Intended for healthcare professionals

Feature Whistleblowing

The price of silence

BMJ 2009; 339 doi: (Published 28 October 2009) Cite this as: BMJ 2009;339:b3202

This article has a correction. Please see:

  1. Jonathan Gornall, freelance journalist
  1. 1London
  1. Jgornall{at}

    Despite government outlawing of gagging clauses in NHS contracts, Jonathan Gornall reports a new case that shows at least one trust has continued to use them

    A nurse is struck off (later reduced to suspension on appeal) for assisting a secret BBC exposé of care standards1; an NHS trust seeking foundation status is accused of putting financial interests first and ignoring staff concerns about inadequate staffing levels and patient safety.2 3 Both of these recent episodes have reinforced concerns that, despite the repeated assurances of politicians, whistleblowers in the NHS remain an endangered species.

    Launching the BMA’s whistleblowing guidance and helpline for hospital staff at the organisation’s annual representative meeting earlier this year,4 chairman Hamish Meldrum said that such cases “send out completely the wrong message to those health professionals who might want to speak out about unacceptable conditions.”5

    Now evidence has emerged that, almost a decade after the Public Interest Disclosure Act was passed, a foundation trust went to remarkable lengths to ensure that a senior consultant did not go public with his concerns about management and patient safety.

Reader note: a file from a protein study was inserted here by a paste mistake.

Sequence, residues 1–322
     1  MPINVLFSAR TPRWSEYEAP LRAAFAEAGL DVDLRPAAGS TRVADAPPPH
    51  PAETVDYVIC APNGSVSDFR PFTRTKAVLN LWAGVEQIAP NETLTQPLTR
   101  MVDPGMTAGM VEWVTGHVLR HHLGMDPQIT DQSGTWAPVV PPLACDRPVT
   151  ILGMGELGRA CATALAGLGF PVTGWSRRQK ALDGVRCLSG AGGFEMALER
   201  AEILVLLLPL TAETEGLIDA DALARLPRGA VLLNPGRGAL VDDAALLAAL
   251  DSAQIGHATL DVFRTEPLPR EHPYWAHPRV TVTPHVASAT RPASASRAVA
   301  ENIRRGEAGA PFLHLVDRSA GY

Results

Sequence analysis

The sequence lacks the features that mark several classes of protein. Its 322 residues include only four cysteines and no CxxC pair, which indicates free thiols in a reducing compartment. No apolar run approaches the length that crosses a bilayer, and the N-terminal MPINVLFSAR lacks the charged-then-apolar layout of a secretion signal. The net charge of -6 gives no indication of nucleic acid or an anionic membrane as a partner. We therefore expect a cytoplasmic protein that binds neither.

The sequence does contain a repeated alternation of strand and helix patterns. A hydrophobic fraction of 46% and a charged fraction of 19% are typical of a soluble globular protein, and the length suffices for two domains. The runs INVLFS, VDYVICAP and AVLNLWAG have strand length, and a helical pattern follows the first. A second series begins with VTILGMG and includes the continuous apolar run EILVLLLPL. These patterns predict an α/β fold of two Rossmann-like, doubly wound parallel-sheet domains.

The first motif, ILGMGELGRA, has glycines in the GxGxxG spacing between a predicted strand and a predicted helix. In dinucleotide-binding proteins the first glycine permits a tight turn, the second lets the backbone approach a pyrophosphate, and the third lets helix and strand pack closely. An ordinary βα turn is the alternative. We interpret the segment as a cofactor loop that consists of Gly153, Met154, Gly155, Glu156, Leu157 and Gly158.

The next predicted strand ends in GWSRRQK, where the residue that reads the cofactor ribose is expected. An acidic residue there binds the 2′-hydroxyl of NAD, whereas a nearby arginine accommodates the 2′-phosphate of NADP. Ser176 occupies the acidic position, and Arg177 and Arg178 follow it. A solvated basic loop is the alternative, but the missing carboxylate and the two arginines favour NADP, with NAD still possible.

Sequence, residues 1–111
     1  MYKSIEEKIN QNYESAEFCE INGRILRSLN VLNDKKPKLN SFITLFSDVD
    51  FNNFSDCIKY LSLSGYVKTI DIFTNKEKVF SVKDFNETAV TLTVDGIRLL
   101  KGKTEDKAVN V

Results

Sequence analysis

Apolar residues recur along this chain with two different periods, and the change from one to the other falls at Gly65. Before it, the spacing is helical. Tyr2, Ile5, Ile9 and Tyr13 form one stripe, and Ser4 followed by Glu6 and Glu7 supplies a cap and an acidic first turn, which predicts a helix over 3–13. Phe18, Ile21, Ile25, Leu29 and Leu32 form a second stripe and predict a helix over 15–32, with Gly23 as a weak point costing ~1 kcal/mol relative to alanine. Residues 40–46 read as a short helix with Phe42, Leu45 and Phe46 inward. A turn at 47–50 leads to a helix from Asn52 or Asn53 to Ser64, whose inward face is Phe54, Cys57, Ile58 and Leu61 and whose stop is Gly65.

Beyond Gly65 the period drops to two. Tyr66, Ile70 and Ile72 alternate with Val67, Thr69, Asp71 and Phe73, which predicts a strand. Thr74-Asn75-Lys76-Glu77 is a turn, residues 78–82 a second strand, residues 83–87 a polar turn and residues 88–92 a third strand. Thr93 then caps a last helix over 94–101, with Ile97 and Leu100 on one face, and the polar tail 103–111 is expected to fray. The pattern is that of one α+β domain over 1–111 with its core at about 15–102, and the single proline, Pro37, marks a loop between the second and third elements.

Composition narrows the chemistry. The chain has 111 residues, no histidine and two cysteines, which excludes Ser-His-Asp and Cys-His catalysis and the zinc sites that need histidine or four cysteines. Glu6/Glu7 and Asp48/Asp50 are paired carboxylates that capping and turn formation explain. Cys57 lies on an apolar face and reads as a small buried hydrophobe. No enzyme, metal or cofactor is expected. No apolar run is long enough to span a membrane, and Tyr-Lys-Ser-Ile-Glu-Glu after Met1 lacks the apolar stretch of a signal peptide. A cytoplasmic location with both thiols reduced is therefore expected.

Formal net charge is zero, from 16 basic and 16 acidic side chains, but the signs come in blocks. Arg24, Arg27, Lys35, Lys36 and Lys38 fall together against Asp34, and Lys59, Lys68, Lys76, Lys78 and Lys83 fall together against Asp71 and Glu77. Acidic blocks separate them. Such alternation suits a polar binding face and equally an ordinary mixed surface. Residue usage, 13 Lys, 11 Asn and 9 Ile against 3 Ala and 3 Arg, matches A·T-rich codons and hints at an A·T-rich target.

Rarely do such cases see the light of day—disagreements between consultants and their trusts generally end in a parting of the ways shrouded in the mutual secrecy of a compromise agreement. However, thanks to a related disciplinary hearing before the Bar Standards Board, documentation relating to a dispute between Liverpool Women’s NHS Foundation Trust and Peter Bousfield, a long serving consultant—including the compromise agreement that gagged him from commenting publicly about his concerns—has now come to light.

    The hearing arose after Peter Bousfield’s son, a non-practising barrister who works in the media, attempted to represent his father in correspondence. The trust refused to deal with him and authorised its solicitors to lodge a complaint about …

    View Full Text

    Log in

    Log in through your institution


    * For online subscription